Hydrogen Embrittlement of 301 Extra Full Hard SS caused by Electroplating.
I am working an improving the fatigue life of small electrical "snap" dome contactors stamped from coil form, thin strip stainless steel. The material we have used in the past has been 302 full hard which has produced poor results. I have begun testing contactors produced with 301 extra full hard and have had great success. I produced samples from the un-plated material then I had the remaining material silver plated. (The plating process requires a nickel strike before silver. The material is plated for conductivity purposes. Apparently the natural passivity of stainless causes intermittent non-conductance.) After plating the material did not exhibit the same fatigue life, it had dropped substantially.
I have received some information on hydrogen embrittlement which could be the culprit. 301 extra full hard is cold worked reduced to about 50% and contains more martensite than the others in the 300 series. And as I understand it martinsite is susceptible to hydrogen embrittlement. I also understand that the effects can be alleviated by baking after plating which I will try in the near future. (However, my current plater does not have the capability to bake my coils after plating, therefor I need some help with a new source?)
Now that I've given the background here are my questions:
- Does anyone know if there exists a vibratory type barrel plating operation that could silver plate the stamped parts non-electrically? I have heard of electroless nickel, is there an electroless silver? I need a vibratory means in an effort to keep the parts from stacking.
- If a vibratory process is not possible, does anyone know a way to de-passivate the surface of the bare strip, thus alleviating the need to plate the material? And would the de-passivation last?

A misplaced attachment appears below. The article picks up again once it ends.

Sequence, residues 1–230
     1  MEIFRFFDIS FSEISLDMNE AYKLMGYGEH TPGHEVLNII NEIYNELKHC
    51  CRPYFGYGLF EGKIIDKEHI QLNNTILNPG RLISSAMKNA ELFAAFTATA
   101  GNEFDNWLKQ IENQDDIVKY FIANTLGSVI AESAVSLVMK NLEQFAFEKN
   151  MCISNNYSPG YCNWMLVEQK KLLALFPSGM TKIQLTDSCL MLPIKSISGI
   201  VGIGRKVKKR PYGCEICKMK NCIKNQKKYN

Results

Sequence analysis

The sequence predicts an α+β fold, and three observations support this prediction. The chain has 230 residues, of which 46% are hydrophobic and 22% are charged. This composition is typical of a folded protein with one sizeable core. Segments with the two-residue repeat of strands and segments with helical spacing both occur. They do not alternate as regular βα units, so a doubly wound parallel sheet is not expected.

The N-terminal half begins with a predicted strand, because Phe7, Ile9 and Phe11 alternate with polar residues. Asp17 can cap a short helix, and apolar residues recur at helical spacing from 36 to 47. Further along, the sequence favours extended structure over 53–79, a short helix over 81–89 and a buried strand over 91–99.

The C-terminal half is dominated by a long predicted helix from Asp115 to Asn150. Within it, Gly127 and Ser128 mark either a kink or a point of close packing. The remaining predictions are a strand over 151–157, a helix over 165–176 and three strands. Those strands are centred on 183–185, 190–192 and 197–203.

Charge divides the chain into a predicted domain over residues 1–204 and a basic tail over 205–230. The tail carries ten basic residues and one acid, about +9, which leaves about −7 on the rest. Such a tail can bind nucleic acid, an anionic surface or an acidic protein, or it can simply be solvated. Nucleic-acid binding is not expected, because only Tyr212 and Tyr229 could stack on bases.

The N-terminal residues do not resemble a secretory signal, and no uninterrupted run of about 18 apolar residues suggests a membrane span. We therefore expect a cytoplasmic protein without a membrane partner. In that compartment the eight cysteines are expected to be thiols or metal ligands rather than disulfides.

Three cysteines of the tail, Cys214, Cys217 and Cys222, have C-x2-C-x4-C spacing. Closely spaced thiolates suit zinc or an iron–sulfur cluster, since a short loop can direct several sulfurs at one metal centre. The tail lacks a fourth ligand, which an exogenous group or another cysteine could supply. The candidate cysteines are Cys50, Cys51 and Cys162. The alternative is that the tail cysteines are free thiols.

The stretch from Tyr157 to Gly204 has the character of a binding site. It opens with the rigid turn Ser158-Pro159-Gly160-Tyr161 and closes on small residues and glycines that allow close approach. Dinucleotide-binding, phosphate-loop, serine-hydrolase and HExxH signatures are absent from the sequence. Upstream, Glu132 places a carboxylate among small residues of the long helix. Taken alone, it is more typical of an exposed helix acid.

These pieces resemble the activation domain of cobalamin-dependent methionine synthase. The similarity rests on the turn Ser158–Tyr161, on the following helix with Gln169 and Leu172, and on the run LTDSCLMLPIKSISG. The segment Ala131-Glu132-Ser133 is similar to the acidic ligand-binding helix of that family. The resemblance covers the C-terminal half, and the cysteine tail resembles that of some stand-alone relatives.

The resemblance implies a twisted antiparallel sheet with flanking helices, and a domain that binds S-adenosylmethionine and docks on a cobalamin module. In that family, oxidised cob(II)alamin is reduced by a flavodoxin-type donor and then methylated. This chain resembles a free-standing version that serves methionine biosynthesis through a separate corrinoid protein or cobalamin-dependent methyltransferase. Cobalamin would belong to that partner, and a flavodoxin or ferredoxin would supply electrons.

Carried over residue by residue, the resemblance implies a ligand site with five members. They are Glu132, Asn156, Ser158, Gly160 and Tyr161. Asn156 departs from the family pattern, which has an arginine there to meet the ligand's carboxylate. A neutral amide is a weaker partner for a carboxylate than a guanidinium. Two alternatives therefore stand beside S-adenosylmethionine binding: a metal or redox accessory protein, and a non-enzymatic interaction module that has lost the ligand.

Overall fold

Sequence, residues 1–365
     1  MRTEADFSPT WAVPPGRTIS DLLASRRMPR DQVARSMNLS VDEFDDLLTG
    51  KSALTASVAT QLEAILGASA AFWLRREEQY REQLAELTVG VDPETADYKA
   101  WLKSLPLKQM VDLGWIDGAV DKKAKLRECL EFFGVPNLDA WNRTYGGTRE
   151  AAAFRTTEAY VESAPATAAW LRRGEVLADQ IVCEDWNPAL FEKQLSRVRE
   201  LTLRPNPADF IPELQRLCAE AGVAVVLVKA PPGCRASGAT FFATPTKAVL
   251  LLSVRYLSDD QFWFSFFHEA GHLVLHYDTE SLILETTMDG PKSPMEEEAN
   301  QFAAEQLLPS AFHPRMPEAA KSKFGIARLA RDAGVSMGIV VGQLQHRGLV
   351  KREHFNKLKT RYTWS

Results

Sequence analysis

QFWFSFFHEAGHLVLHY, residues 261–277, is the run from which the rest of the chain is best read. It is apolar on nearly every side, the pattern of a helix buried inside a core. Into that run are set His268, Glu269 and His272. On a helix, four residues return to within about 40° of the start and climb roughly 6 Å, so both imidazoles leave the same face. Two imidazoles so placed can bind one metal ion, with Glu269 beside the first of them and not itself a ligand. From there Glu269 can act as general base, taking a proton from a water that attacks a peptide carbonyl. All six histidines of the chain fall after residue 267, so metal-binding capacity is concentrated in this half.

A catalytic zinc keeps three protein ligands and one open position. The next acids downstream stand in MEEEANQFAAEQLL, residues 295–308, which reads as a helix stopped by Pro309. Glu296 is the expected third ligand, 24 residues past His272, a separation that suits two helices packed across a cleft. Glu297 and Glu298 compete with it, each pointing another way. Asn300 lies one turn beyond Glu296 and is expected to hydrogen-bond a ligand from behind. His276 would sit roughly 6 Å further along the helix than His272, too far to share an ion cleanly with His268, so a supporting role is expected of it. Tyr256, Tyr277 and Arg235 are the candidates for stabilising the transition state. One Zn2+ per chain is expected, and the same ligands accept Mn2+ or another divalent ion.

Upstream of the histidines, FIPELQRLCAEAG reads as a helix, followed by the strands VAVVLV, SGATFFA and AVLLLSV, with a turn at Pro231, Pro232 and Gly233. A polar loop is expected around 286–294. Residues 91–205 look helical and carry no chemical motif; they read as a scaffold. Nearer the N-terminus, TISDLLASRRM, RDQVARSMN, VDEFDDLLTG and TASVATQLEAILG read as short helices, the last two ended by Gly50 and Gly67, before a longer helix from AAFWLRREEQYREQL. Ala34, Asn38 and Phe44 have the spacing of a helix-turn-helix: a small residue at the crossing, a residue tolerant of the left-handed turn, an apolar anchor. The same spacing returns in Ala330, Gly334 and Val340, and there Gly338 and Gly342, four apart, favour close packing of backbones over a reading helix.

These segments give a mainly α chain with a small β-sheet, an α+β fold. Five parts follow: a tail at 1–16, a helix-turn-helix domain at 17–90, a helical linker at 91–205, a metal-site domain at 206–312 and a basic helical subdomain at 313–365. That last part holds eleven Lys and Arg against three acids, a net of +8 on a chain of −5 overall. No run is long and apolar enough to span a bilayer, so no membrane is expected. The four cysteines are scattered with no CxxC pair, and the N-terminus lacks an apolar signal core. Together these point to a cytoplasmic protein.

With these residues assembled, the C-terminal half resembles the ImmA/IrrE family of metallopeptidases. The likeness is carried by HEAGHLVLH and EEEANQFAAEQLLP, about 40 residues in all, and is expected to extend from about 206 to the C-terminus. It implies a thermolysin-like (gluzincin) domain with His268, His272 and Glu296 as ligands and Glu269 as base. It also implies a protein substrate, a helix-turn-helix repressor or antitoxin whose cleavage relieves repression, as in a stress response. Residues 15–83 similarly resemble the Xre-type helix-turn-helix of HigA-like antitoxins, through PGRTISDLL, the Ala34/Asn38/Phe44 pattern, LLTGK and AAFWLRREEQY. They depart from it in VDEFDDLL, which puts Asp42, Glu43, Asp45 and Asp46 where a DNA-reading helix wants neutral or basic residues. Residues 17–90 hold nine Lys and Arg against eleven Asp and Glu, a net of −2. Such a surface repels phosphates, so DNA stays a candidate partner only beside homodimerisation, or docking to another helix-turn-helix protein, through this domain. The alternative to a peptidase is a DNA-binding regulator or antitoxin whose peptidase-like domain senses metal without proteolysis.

- Does anyone know of a shot-peening process that can be used on these small parts? (I think I will need to incorporate a shot-peening process into this solution to get the fatigue life I am after.)
I would greatly appreciate any help for any of the points I have raised and questions I have posed.Scott Niggemann
- Your parts become embrittled due to silver plating regardless of activation (Woods Nickel).
- Electroless nickel will also result in hydrogen evolution at the part surface, and - IS POSSIBLE ONLY WITH A DEPASSIVATION treatment - typically the same Woods strike. This would normally apply to E-less Ag, which to me is an exotic procedure.
- You absolutely need an embrittlement relieve bake regardless of plating procedure (except if you use mechanical deposition, which I do not know if it exists for silver).
We may run a test batch for you (with bake and using special "low embrittlement solution) - check out our ad here on finishing.com.Max Stein
captive metal finisher - Montreal, Québec, Canada
Are you sure that your problem is hydrogen embrittlement? You can expect a drop in fatigue life with most metallic plating on high-strength stainless steel wire. Most plating materials will not have the ductility or fatigue strength of the wire. Cracks initiate in the plating due to the bending stresses, then propagate into the wire substrate.
Full hard 301 stainless steel has relatively low notch toughness, which will contribute to fatigue cracking from even minor surface flaws.
By all means, check out possible remedies to hydrogen embrittlement. You may also want to try an experiment with a fatigue test after stripping all plating from the samples before testing. Stripping will not diminish the hydrogen embrittlement, but will remove the crack initiation in the plating.
materials testing laboratory
I don't think that H.E. resulted from electroless nickel strike and silver plating. The HE might arise from the acid pickling process before nickel strike. If HE is not a case for the decrease in fatigue life, Larry's response is a key to solve Scott's problem. At this moment, Scott needs a baking experiment to determine whether HE is the factor reducing the fatigue life of silver-plated SS coil.Ling Hao
- Grand Rapids, Michigan
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